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Title: Prior data assisted compressed sensing: A novel MR imaging strategy for real time tracking of lung tumors

Abstract

Purpose: Hybrid radiotherapy-MRI devices promise real time tracking of moving tumors to focus the radiation portals to the tumor during irradiation. This approach will benefit from the increased temporal resolution of MRI's data acquisition and reconstruction. In this work, the authors propose a novel spatial-temporal compressed sensing (CS) imaging strategy for the real time MRI–-prior data assisted compressed sensing (PDACS), which aims to improve the image quality of the conventional CS without significantly increasing reconstruction times. Methods: Conventional 2D CS requires a random sampling of partial k-space data, as well as an iterative reconstruction that simultaneously enforces the image's sparsity in a transform domain as well as maintains the fidelity to the acquired k-space. PDACS method requires the additional acquisition of the prior data, and for reconstruction, it additionally enforces fidelity to the prior k-space domain similar to viewsharing. In this work, the authors evaluated the proposed PDACS method by comparing its results to those obtained from the 2D CS and viewsharing methods when performed individually. All three methods are used to reconstruct images from lung cancer patients whose tumors move and who are likely to benefit from lung tumor tracking. The patients are scanned, using a 3T MRI, undermore » free breathing using the fully sampled k-space with 2D dynamic bSSFP sequence in a sagittal plane containing lung tumor. These images form a reference set for the evaluation of the partial k-space methods. To create partial k-space, the fully sampled k-space is retrospectively undersampled to obtain a range of acquisition acceleration factors, and reconstructed with 2D-CS, PDACS, and viewshare methods. For evaluation, metrics assessing global image artifacts as well as tumor contour shape fidelity are determined from the reconstructed images. These analyses are performed both for the original 3T images and those at a simulated 0.5T equivalent noise level. Results: In the 3.0T images, the PDACS strategy is shown to give superior results compared to viewshare and conventional 2D CS using all metrics. The 2D-CS tends to perform better than viewshare at the low acceleration factors, while the opposite is true at the high acceleration factors. At simulated 0.5T images, PDACS method performs only marginally better than the viewsharing method, both of which are superior compared to 2D CS. The PDACS image reconstruction time (0.3 s/image) is similar to that of the conventional 2D CS. Conclusions: The PDACS method can potentially improve the real time tracking of moving tumors by significantly increasing MRI's data acquisition speeds. In 3T images, the PDACS method does provide a benefit over the other two methods in terms of both the overall image quality and the ability to accurately and automatically contour the tumor shape. MRI's data acquisition may be accelerated using the simpler viewsharing strategy at the lower, 0.5T magnetic field, as the marginal benefit of the PDACS method may not justify its additional reconstruction times.« less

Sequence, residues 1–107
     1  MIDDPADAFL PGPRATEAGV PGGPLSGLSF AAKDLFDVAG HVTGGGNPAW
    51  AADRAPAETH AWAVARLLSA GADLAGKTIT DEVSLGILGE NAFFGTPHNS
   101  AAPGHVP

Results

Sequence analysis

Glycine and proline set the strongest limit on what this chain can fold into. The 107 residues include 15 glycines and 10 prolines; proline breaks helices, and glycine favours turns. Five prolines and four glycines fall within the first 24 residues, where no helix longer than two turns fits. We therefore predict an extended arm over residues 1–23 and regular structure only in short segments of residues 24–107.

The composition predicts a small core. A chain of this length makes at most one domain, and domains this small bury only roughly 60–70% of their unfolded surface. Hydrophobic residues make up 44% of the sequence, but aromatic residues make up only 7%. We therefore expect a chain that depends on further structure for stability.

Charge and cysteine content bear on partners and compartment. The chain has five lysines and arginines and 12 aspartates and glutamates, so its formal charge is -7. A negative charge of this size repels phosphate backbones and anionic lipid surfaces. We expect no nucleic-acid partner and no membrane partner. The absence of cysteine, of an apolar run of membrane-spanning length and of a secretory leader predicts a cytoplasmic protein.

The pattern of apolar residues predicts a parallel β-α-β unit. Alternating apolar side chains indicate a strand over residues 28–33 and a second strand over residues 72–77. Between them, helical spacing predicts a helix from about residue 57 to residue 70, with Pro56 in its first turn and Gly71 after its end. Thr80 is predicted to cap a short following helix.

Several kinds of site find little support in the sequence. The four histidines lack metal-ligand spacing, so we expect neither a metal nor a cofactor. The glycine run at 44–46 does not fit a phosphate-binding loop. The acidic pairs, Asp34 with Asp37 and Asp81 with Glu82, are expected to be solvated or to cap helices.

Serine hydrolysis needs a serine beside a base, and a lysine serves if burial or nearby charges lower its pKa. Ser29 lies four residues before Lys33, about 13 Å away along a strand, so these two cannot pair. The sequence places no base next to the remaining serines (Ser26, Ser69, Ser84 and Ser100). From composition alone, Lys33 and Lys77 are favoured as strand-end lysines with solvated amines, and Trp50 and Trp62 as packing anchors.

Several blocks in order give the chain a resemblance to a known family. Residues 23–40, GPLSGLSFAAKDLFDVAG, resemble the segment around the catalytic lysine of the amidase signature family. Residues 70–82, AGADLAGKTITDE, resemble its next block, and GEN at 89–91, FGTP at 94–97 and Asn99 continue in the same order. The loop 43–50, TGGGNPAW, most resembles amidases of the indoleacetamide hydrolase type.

Authors:
 [1]; ;  [2]; ;  [3];  [4];  [5];  [6];  [6]
  1. Department of Oncology, Medical Physics Division, University of Alberta, 11560 University Avenue, Edmonton, Alberta T6G 1Z2 (Canada)
  2. Department of Physics, University of Alberta, 11322 – 89 Avenue, Edmonton, Alberta T6G 2G7, Canada and Department of Oncology, Medical Physics Division, University of Alberta, 11560 University Avenue, Edmonton, Alberta T6G 1Z2 (Canada)
  3. Department of Medical Physics, Cross Cancer Institute, 11560 University Avenue, Edmonton, Alberta T6G 1Z2, Canada and Department of Oncology, Medical Physics Division, University of Alberta, 11560 University Avenue, Edmonton, Alberta T6G 1Z2 (Canada)
  4. Department of Radiation Oncology, Cross Cancer Institute, 11560 University Avenue, Edmonton, Alberta T6G 1Z2, Canada and Department of Oncology, Radiation Oncology Division, University of Alberta, 11560 University Avenue, Edmonton, Alberta T6G 1Z2 (Canada)
  5. Department of Physics, University of Alberta, 11322 – 89 Avenue, Edmonton, Alberta T6G 2G7 (Canada)
  6. (Canada)
Publication Date:
OSTI Identifier:
22409873
Resource Type:
Journal Article
Resource Relation:
Journal Name: Medical Physics; Journal Volume: 41; Journal Issue: 8; Other Information: (c) 2014 American Association of Physicists in Medicine; Country of input: International Atomic Energy Agency (IAEA)
Country of Publication:
United States
Language:
English
Subject:
60 APPLIED LIFE SCIENCES; COMPARATIVE EVALUATIONS; DATA ACQUISITION; IMAGE PROCESSING; LUNGS; NEOPLASMS; NMR IMAGING; PATIENTS; RADIOTHERAPY; RESPIRATION

Citation Formats

Yip, Eugene, Yun, Jihyun, Heikal, Amr A., Wachowicz, Keith, Rathee, Satyapal, Gabos, Zsolt, Fallone, B. G., E-mail: bfallone@ualberta.ca, Department of Medical Physics, Cross Cancer Institute, 11560 University Avenue, Edmonton, Alberta T6G 1Z2, and Department of Oncology, Medical Physics Division, University of Alberta, 11560 University Avenue, Edmonton, Alberta T6G 1Z2. Prior data assisted compressed sensing: A novel MR imaging strategy for real time tracking of lung tumors. United States: N. p., 2014. Web. doi:10.1118/1.4885960.
Yip, Eugene, Yun, Jihyun, Heikal, Amr A., Wachowicz, Keith, Rathee, Satyapal, Gabos, Zsolt, Fallone, B. G., E-mail: bfallone@ualberta.ca, Department of Medical Physics, Cross Cancer Institute, 11560 University Avenue, Edmonton, Alberta T6G 1Z2, & Department of Oncology, Medical Physics Division, University of Alberta, 11560 University Avenue, Edmonton, Alberta T6G 1Z2. Prior data assisted compressed sensing: A novel MR imaging strategy for real time tracking of lung tumors. United States. doi:10.1118/1.4885960.
Yip, Eugene, Yun, Jihyun, Heikal, Amr A., Wachowicz, Keith, Rathee, Satyapal, Gabos, Zsolt, Fallone, B. G., E-mail: bfallone@ualberta.ca, Department of Medical Physics, Cross Cancer Institute, 11560 University Avenue, Edmonton, Alberta T6G 1Z2, and Department of Oncology, Medical Physics Division, University of Alberta, 11560 University Avenue, Edmonton, Alberta T6G 1Z2. Fri . "Prior data assisted compressed sensing: A novel MR imaging strategy for real time tracking of lung tumors". United States. doi:10.1118/1.4885960.
@article{osti_22409873,
title = {Prior data assisted compressed sensing: A novel MR imaging strategy for real time tracking of lung tumors},
author = {Yip, Eugene and Yun, Jihyun and Heikal, Amr A. and Wachowicz, Keith and Rathee, Satyapal and Gabos, Zsolt and Fallone, B. G., E-mail: bfallone@ualberta.ca and Department of Medical Physics, Cross Cancer Institute, 11560 University Avenue, Edmonton, Alberta T6G 1Z2 and Department of Oncology, Medical Physics Division, University of Alberta, 11560 University Avenue, Edmonton, Alberta T6G 1Z2},